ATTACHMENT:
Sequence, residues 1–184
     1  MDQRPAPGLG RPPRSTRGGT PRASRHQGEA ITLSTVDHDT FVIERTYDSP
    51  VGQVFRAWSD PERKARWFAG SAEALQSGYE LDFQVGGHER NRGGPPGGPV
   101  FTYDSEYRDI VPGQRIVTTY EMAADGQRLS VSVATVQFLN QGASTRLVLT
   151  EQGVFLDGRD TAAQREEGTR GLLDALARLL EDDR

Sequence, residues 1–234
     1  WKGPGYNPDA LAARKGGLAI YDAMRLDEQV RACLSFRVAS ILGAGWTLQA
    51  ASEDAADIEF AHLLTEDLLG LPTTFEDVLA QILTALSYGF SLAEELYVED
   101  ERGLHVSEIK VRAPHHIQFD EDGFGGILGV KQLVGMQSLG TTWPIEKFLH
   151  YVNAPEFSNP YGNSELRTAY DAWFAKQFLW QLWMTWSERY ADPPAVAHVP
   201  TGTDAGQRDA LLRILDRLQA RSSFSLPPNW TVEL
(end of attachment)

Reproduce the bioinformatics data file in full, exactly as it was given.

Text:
Sequence, residues 1–184
     1  MDQRPAPGLG RPPRSTRGGT PRASRHQGEA ITLSTVDHDT FVIERTYDSP
    51  VGQVFRAWSD PERKARWFAG SAEALQSGYE LDFQVGGHER NRGGPPGGPV
   101  FTYDSEYRDI VPGQRIVTTY EMAADGQRLS VSVATVQFLN QGASTRLVLT
   151  EQGVFLDGRD TAAQREEGTR GLLDALARLL EDDR

Sequence, residues 1–234
     1  WKGPGYNPDA LAARKGGLAI YDAMRLDEQV RACLSFRVAS ILGAGWTLQA
    51  ASEDAADIEF AHLLTEDLLG LPTTFEDVLA QILTALSYGF SLAEELYVED
   101  ERGLHVSEIK VRAPHHIQFD EDGFGGILGV KQLVGMQSLG TTWPIEKFLH
   151  YVNAPEFSNP YGNSELRTAY DAWFAKQFLW QLWMTWSERY ADPPAVAHVP
   201  TGTDAGQRDA LLRILDRLQA RSSFSLPPNW TVEL